Whenever you find yourself typing on a keyboard, you need to be thinking about digital accessibility. You might be writing an email to a student or colleague, posting something on social media or producing a document – digital accessibility is important in all of these scenarios.
Many of the rules and best practices around digital accessibility apply to all of these scenarios. Read on to find out more.
Structure is essential for those using assisted technologies such as screen readers, who rely on properly formatted headings to navigate documents. By structure, we mean specifying what is a heading (and how important that heading is within your text) and what is normal paragraph text (ie underneath your headings). Adding this structure creates a map or navigation menu of headings and sub-headings for those using screen readers to follow – it's their way of scanning a page for the information they're looking for without having to read the whole thing.
- Break up your text into sections – Have one main heading (Heading 1) and then as many levels of sub headings (Heading 2, Heading 3, Heading 4 etc) you require. The lower the number, the more important the heading. Ie the main heading will be Heading 1. Headings can be added in word processing software such as Microsoft Word, in content management systems and in many email programmes.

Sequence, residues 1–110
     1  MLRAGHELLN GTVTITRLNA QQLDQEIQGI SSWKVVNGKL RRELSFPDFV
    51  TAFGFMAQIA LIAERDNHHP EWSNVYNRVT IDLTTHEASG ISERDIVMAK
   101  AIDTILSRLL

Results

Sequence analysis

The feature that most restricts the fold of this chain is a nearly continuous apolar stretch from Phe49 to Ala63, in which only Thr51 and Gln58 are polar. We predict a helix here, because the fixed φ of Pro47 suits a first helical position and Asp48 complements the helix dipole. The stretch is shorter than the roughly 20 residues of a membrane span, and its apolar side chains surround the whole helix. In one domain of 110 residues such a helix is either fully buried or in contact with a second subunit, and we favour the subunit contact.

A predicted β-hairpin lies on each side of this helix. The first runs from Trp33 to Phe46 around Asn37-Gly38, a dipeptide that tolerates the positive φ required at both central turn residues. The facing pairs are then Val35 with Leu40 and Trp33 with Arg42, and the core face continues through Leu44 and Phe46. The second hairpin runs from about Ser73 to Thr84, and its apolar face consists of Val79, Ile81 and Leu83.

- Do not use bold text in place of heading and paragraphy styles – screen readers won't recognise bold text as a heading.
- Use bullet points and numbered lists to break up large chunks of text where possible.
- Add a table of contents and summaries to longer documents to allow screen reader users to get an idea of what information is being provided without havign to read it in its entirety.
You can read more about how to add a structure to a document in our guidance for producing accessible documents.
It is important that all digital content is accessible to those with visual impairments or colour blindness.
Follow these rules to ensure your colour combinations are accessible.